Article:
Remember filling out those Madlibs when you were a kid? Well, they are a powerful way to gain structured feedback from people quickly.

Useful in expanding your scope of inquiry.



A set of specific and structured responses you can use to gauge sentiment, and gather evidence



  1. Brainstorm 4-8 topic areas or themes you are most interested in exploring or gaining feedback. For example, the cost of housing caused by lack of supply or gentrification.
  2. Pick one or two topics, such as lack of supply.
  3. Spend a few minutes iterating what are the key questions for the topic. For example, if you want to know what people think about legalizing granny flats (accessory dwelling units) you might want to know what adjectives people might use to describe their feelings, or who might move in, or how this might change the neighborhood.
  4. Write a few sentences with the adjective as a blank on a few half sheets of paper.
  5. Give it to someone and see what they fill in.
  6. Edit and iterate.
  7. Download this “Fill in the blank template” in a variety of formats: Adobe InDesign, PowerPoint, Word, PDF, Google Presentation.
  8. Print.


  1. Set up a wall to display finished forms with a place to write or provide 2–4 clipboards.
  2. Have volunteers fill out one or two forms and hang up - no one wants to be the first.
  3. Have one or two volunteers man the activation asking for feedback, and telling residents what will be done with the responses, and why it’s important.
  4. Have the resident fill out and hang the form.
  5. If desired, you can film or photograph the resident explaining their submission. Be sure to gain permission and be clear what this will be used for.
  6. At the end of the activation, take a photo of the wall. It should be full.
  7. Take all forms and put into envelopes for archiving.

After the event

  1. If possible, scan all the forms.
  2. Count all the responses.
  3. Find a large flat surface to synthesize the responses by grouping them in piles. Generally you will have some similar responses.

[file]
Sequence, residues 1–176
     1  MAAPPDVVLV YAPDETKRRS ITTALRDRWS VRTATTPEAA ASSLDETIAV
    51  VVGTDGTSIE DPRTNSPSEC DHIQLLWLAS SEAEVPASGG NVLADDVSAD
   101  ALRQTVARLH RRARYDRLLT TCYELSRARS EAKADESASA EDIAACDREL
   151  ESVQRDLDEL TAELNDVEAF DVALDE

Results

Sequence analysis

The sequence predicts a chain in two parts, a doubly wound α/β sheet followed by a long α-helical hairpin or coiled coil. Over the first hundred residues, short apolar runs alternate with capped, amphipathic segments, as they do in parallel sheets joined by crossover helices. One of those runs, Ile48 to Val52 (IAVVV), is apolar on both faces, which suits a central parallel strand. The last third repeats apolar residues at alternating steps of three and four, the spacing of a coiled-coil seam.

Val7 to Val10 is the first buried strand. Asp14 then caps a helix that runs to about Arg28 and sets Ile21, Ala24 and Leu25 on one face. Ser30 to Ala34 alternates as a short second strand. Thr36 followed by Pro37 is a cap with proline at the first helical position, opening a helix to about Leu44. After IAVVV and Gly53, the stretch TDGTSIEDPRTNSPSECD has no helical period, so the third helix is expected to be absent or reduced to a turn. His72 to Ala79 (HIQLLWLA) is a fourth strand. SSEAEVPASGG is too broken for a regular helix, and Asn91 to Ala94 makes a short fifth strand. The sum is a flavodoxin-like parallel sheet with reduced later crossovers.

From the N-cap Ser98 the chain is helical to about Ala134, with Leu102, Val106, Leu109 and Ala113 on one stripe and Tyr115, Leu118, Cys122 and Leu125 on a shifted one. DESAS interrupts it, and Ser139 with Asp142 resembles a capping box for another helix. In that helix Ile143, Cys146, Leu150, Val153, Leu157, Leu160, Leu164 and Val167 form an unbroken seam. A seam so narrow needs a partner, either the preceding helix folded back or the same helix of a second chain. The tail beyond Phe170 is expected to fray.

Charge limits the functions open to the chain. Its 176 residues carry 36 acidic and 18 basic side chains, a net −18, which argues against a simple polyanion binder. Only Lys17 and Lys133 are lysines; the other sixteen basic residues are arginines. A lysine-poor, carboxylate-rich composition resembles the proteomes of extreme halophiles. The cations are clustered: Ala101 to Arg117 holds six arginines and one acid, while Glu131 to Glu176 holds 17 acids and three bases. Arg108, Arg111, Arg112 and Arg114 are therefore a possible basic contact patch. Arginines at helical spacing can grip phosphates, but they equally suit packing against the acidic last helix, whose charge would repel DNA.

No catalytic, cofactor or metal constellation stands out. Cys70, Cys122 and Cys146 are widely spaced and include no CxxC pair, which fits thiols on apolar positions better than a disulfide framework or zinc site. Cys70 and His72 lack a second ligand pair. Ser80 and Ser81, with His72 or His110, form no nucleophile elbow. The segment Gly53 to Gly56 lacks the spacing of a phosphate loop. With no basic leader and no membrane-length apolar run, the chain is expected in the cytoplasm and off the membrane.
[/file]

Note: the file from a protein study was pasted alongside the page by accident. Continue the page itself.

4. See which grouping have the most responses, ask yourself why this might be.
  5. Try to find the patterns and insights from your respondents.
    Write a quick report on what you heard from your residents, and use the responses and documentary evidence.
  6. Spend some time in iterating what the next questions might be, or what avenues of exploration and study you need to do based on what you’ve heard from your residents.
Staffing needs
  • 1 person
Setup needs
  • A box of sharpees
  • A vertical board to display
  • Pins or tape to hang up finished work
  • A sign
  • Flat place for people to fill out form, or use clipboards
  • 1–2 Manila envelopes for archiving the forms
Suggested duration
  • 2–4 hours
Core behaviors segments
  • Sleeping
  • Scrambling
Useful to:

Build momentum and evidence for Executive.


Validate course of action and gather evidence.


To understand the problem space in order to act.

Journey moments:
What propels the Players to decide on a course of action?
How are the Players prompted to Act?

File Downloads


Fill–in–the–blanks Half Sheet

Use the below documents to create your own fill-in-the-blanks. Note: Most documents have two versions, one using the Verlag font, and the other using the free Google OpenSans font. Download the correct font or customise it to your locla needs.




Los Angeles Innovation Team

Tactical Democracy is a toolkit to help you make meaningful person–to–person engagement in order to empower successful communities.

Learn about the Mindsets you need, how the Players behave and act; what Situations might be best to
deploy Tactics for engagement, to move the Players through their Journey, creating deeper empowerment.

Whoa, there's a lot of terms – check out the Glossary of Terms, and if you want to see everything, goto the sitemap.

Read some blog posts: